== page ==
The lines on the car, to my eye, are well thought out and handsome. Although I have not put allot of miles on it yet, it is immediately apparent it is screwed together well. Just feels like a solid car. In the end if you are looking for a daily driver that is economical to purchase and own, one that is safe, that has got enough, "sport" to put a smile on your face, So far, for me, the SI nails it."
My wife bought a new CRX in 1989. When kids arrived in 1993 we part exchanged it for a more sensible car - much to her disappointment. The kids are now in college, so we looked around for a fun car, principally for my wife to commute, but also for the kids to use when the others are taken. Everyone wanted a manual transmission, so that limited the choice. We tried the GTI, BRZ, Mini Cooper and Mazda 3. My choice was the BRZ, but was overridden on the grounds of practicality. In the end my wife chose the SI as she found it the most fun to drive - once you have had a screaming Honda 4, nothing else quite has the buzz... 30 months / 25k miles after purchase - Nothing has gone wrong, and the interior / exterior show little, or no signs of age. A quality product.
'14 Honda Civic Si Sedan. I needed the practicality that the sedan offered, & to be honest I like the way it looks better than the coupe. So far I've put about 1K miles on the car. Honda's manual gearbox is amazingly smooth and easy to drive. Engaging without being a pain. The car is quick for what it is: a four-cylinder, naturally aspirated engine. The exhaust note puts a smile on my face every time I get behind the wheel, & acceleration on the Si allows for overtaking slower drivers with ease. The build quality of the car is fantastic both inside & outside. The ride quality is pretty good, bumps can be a little jarring but its not built for touring. Overall I am quite pleased with the car!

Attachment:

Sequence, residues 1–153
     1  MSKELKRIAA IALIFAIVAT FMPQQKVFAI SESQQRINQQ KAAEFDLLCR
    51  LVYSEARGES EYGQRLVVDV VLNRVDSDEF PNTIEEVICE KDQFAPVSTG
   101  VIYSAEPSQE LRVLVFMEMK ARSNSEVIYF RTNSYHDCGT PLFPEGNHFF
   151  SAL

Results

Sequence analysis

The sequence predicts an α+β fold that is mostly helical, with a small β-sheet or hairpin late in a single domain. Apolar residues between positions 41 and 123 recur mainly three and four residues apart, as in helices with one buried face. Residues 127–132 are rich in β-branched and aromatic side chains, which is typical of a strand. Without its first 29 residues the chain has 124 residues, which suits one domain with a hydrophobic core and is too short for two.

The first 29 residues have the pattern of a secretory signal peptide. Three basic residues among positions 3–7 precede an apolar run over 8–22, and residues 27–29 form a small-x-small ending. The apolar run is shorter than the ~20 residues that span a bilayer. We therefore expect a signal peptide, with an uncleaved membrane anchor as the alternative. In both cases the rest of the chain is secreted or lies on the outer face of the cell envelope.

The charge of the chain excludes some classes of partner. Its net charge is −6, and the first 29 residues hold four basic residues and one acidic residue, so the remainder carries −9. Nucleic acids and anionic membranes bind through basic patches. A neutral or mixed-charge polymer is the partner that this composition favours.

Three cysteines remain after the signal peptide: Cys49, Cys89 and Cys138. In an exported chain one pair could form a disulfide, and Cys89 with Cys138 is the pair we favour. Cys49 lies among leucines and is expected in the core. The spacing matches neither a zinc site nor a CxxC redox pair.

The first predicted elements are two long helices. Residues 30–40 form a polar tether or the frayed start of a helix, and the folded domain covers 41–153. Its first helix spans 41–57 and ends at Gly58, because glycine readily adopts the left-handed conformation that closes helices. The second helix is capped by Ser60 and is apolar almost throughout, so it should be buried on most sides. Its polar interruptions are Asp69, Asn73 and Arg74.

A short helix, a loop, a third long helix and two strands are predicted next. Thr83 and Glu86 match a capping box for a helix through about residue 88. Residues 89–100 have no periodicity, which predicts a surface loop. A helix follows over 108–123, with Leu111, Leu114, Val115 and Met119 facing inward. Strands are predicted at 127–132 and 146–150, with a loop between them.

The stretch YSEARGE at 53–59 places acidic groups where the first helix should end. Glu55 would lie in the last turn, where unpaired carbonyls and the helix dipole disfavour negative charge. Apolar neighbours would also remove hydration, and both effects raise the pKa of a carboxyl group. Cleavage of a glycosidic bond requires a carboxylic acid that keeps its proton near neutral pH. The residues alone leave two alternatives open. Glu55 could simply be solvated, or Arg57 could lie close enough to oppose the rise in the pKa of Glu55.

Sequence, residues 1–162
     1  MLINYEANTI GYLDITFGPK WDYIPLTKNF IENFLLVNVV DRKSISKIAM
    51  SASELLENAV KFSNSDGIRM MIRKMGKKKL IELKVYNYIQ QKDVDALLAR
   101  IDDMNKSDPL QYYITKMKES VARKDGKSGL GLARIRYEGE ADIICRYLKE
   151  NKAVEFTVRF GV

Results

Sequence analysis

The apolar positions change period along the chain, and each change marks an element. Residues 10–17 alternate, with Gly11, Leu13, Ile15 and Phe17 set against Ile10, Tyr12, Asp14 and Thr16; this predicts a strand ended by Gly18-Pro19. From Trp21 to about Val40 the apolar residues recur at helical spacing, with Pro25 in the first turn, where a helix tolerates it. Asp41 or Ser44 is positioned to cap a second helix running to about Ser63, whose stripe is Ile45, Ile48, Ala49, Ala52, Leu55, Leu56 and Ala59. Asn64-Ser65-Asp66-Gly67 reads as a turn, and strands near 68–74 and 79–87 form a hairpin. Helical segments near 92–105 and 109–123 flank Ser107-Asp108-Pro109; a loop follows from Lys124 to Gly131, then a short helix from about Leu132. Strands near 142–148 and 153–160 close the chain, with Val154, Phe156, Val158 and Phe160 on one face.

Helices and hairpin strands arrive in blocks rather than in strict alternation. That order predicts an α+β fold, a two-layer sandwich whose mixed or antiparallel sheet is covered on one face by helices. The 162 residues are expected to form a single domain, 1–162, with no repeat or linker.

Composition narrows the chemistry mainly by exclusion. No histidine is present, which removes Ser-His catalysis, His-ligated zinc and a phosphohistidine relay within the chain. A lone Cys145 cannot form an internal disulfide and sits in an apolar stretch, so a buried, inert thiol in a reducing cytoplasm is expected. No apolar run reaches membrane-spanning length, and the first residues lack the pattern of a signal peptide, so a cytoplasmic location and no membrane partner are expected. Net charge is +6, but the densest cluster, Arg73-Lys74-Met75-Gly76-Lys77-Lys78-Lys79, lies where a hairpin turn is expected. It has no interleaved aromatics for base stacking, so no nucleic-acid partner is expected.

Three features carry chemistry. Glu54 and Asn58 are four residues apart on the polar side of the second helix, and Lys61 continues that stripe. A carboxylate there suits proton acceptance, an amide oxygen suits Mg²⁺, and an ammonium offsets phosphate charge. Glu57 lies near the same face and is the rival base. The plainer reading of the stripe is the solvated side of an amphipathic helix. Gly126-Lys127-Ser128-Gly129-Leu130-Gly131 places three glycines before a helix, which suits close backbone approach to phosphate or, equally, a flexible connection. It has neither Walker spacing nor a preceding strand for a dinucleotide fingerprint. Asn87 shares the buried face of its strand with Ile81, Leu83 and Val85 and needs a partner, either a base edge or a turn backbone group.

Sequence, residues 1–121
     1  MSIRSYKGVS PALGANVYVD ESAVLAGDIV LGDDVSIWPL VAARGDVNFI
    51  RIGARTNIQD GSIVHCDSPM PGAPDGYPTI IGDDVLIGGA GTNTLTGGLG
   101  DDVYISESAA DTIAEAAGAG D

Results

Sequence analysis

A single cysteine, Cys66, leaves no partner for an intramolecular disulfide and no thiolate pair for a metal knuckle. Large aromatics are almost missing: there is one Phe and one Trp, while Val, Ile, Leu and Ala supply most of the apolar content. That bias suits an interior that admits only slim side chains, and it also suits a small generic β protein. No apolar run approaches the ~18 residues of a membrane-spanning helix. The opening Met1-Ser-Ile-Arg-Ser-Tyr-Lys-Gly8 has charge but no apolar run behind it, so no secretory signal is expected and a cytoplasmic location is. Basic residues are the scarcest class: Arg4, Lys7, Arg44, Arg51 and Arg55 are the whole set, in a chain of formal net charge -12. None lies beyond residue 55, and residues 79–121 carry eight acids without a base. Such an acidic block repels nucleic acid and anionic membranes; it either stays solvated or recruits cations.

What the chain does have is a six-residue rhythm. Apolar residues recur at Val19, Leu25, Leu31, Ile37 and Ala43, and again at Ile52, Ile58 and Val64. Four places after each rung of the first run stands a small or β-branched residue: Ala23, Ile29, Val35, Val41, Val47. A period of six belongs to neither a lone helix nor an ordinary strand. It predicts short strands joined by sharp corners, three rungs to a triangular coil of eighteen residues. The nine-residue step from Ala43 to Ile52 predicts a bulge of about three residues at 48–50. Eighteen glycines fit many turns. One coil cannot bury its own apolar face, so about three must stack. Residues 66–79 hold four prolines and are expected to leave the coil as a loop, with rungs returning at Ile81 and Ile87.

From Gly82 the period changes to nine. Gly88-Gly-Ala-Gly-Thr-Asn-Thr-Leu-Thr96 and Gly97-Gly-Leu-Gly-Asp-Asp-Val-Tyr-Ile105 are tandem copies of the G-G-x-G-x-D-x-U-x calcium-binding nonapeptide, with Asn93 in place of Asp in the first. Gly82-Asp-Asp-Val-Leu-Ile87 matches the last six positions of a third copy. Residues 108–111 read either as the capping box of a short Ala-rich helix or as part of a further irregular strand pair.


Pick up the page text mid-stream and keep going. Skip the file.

SOHC, four valves per cylinder, variable intake + exhaust-valve timing
Compression ration (x:1)
Horsepower (hp @ rpm)
143 @ 6,500
Torque (lb-ft @ rpm)
129 @ 4,300
Transmission and axle ratios (x:1)
Not much a driver can do to affect acceleration here, with a CVT and not enough torque to break the front tires' traction. I tried all three forward "gears" (D, S, L) and found S caused the engine rpm to reach redline by 60 mph and hold it there until about 80 mph. There are no distinct gears and no manual-shift mode. Those unfamiliar with this type of transmission might find it odd sounding, as if the transmission is "slipping" gears.
As is typical for this type of car, the first stop was the shortest of four, where moderate brake fading occurs. Each stop was straight and well controlled, however.
Slalom: The Civic's electronic stability control (ESC) is remarkably sophisticated for this class of car. Unlike some other cars that detect aggressive driver input or the outer limits of the tires' grip and clamp down early and hard on the brakes, this car allows a modest amount of play before subtly "trimming" the car's heading with quick and effective dabs of selected brakes. It's obvious this ESC was tuned and optimized to allow for spirited driving. Steering weight is light but precision is very good. Skid pad: Rather than using brakes to affect the car's attitude (as in the slalom), ESC merely breathes off the throttle in this steady-state corner to maintain the skid pad arc without causing the tires to howl or skid. Shutting the system off allows the tires to begin to slide and gain a little more grip in the process. Again, steering feel doesn't really inform the driver in any way, weight remains rather light regardless, and precision is good.